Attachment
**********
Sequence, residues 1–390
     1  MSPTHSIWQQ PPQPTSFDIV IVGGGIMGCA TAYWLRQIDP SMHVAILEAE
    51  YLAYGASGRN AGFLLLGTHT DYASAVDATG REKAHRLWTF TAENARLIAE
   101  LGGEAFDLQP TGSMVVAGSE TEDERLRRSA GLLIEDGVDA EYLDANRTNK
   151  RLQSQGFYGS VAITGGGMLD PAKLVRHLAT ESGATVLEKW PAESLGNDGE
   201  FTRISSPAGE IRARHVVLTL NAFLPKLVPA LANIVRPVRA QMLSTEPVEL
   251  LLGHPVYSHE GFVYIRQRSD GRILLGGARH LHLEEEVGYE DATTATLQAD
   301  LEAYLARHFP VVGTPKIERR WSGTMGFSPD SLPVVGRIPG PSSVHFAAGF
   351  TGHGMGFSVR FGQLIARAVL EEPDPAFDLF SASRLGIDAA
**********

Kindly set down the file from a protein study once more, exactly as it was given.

Sequence, residues 1–390
     1  MSPTHSIWQQ PPQPTSFDIV IVGGGIMGCA TAYWLRQIDP SMHVAILEAE
    51  YLAYGASGRN AGFLLLGTHT DYASAVDATG REKAHRLWTF TAENARLIAE
   101  LGGEAFDLQP TGSMVVAGSE TEDERLRRSA GLLIEDGVDA EYLDANRTNK
   151  RLQSQGFYGS VAITGGGMLD PAKLVRHLAT ESGATVLEKW PAESLGNDGE
   201  FTRISSPAGE IRARHVVLTL NAFLPKLVPA LANIVRPVRA QMLSTEPVEL
   251  LLGHPVYSHE GFVYIRQRSD GRILLGGARH LHLEEEVGYE DATTATLQAD
   301  LEAYLARHFP VVGTPKIERR WSGTMGFSPD SLPVVGRIPG PSSVHFAAGF
   351  TGHGMGFSVR FGQLIARAVL EEPDPAFDLF SASRLGIDAA